Joseph Kosinski’s Oblivion is slightly flawed Sci-Fi heaven, a film that could have easily been perfect if it weren’t for a few snags, chief among them being over-length and lack of clear plotting. There’s so much going on in the realm of visual and auditory stimuli though that one can let oneself just get wrapped up in the pure music video style rhythm of it. Speaking of music, the film only really exists to serve the absolute banger of an electronic score from M83, a gorgeous album packed with sonic synths, beautiful thundering beats and celestial interludes complete with angelic vocals from Susanne Sundfor. Kosinski pulled a similar stunt with Tron: Legacy, hiring Daft Punk to whip up a soundtrack that outshines the actual film itself, and while that’s certainly the case with Oblivion as well, there’s much fun to be had in other aspects, particularly visually. Tom Cruise is Jack, steward and caretaker of a small piece of the earth’s surface after an alien ambush forced most of the human race to run off to one of Jupiter’s moons. Collecting data and doing routine scope checks on his sleek hover bike, he’s a curious fellow who begins to see the lapses in logic and believes there’s something else at play other than survival, a notion that his partner (Andrea Riseborough) and dispatch handler Sally (a sly Melissa Leo proves that one can still be effective when skyping in one’s performance). Jack is haunted by visions of a beautifully mysterious girl he’s never met (Olga Kurylenko) and pursued by dangerous surface dwelling scavengers led by Morgan Freeman and Jamie Lannister. The film’s story is a cool one indeed and has a whopper of a twist, but the pacing and exposition just can’t seem to get itself out of a slight muddle and impart these events to us in a clear, unhindered fashion, a kink that no doubt could have been worked out with a little more time spent in the editing room. The aesthetic production design is a wonder, calling to mind everything from Half Life 2 to Portal while retaining it’s own unique, modernized look (I want that glass sky pool/deck so bad). It’s all about that score though folks, and it’s an album for the ages, bringing to life a film that otherwise just wouldn’t have been as memorable.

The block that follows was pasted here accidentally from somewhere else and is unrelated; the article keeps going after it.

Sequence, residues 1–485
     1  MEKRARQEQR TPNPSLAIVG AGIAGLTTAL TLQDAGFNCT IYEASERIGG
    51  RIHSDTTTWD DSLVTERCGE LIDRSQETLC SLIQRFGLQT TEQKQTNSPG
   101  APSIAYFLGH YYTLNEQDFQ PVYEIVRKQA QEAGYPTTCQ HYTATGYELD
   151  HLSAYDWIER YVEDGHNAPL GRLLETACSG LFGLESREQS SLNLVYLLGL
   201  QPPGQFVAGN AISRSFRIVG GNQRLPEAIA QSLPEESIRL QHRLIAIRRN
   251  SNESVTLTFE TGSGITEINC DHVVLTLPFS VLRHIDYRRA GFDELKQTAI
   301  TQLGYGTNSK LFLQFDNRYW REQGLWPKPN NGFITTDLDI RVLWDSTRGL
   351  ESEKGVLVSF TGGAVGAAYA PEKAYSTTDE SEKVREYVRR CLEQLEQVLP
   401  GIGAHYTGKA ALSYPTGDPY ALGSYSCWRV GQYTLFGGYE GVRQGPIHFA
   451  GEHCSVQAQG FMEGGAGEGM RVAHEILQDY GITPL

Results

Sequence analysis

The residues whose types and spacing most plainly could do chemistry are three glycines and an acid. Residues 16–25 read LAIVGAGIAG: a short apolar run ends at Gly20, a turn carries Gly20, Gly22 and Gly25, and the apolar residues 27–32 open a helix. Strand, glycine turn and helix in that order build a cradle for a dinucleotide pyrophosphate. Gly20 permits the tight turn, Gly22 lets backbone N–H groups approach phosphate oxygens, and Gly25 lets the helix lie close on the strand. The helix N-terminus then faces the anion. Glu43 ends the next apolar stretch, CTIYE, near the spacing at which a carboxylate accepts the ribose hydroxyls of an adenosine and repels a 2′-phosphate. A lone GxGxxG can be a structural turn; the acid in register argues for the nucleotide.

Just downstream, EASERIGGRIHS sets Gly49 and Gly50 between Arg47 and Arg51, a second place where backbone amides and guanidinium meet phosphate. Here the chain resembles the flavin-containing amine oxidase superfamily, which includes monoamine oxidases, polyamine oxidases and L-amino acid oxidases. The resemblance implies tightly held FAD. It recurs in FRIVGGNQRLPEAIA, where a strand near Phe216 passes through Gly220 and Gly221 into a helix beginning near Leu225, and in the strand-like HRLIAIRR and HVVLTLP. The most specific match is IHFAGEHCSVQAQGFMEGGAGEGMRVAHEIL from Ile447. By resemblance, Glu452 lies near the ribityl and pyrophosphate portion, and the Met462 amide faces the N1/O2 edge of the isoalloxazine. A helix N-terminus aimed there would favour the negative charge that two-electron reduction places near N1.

When I saw the marketing and trailer hype for Robert Zemeckis’s Flight, I was strongly under the impression that when I got around to seeing it I’d get a conspiracy style thriller. Some aviation intrigue, maybe a little government corruption, valiantly unveiled by Denzel Washington’s hotshot pilot protagonist. How very wrong I was. To my credit, it wasn’t my fault, but that of the severely misleading marketing. But then, how do you market a film like this? Hell, it’s a wonder it even made it past the pitching stage! The airplane related fiasco one sees in the previews is but a tiny segment that acts as at catalyst for one of the most searing and honest portraits of addiction I’ve ever seen. Washington is Whip Whittaker, senior pilot, ladies man, assured professional and severe drug and alcohol user. Whip snorts and guzzles day and night, including during the job. He’s functional and hides it well, but thats just another facet of his problem. When an onboard malfunction causes crisis on one of his flights, he takes a giant leap of faith, spectacularly landing the airplane upside down and essentially saving every passenger’s life. End of story? Not really. From there the film throws a curveball, as we dig deeper into Whip’s life, habits and history. An inquiry is launched into his mental state during the event, led by a stern and silky voiced Melissa Leo. His superiors do everything to defend him, but it becomes clear that he has been coming apart at the seams for sometime now, and the incident was one of the final rips. It’s a journey into one man’s refusal to admit his problems, and the often extreme ways in which life holds up a mirror in front of us and demands acceptance. Kelly Reilly is superb as a damaged girl he meets who tries to take his hand and lead down the way to fixing what is broken, but he’s pretty damn far off the path. John Goodman is his charismatic self as Whip’s groovy drug dealer, and Bruce Greenwood reliably steals scenes as an airline official determind to defend Whip to the bitter end. Washington is heartbreaking, especially in the scenes of alcohol abuse, which are tough to watch. He’s never had a character arc quite like this, and it’s one of the most special, vital gifts of acting he has ever given us. The look, feel and tone of the film is anything but gritty or depressing. It has a glossy, aesthetic sheen to it that barely hints at the commotion and strife which befalls it’s lead character. Perhaps this was Zemeckis’s intention: dazzle us out of the gate with crisp frames and bright cinematography and then blindside us with the darker elements, showing us in the process that such issues can befall any one of us in society, no matter how outwardly successful, confident or in control we seem. The film is as complex as it’s protagonist and begs the audience to empathize with him on his journey, despite the glaring shortcomings we observe. It’s one of the most human stories I’ve ever seen; two hours spent with a realistic person who is assured, broken, confused, scared, stubborn, strong willed, weak and deeply wounded all at the same time. Washington paints the picture for us momentously, and it’s the best work he’s ever done. You don’t get too many films like this released by the studio system, and this one is some kind of miracle.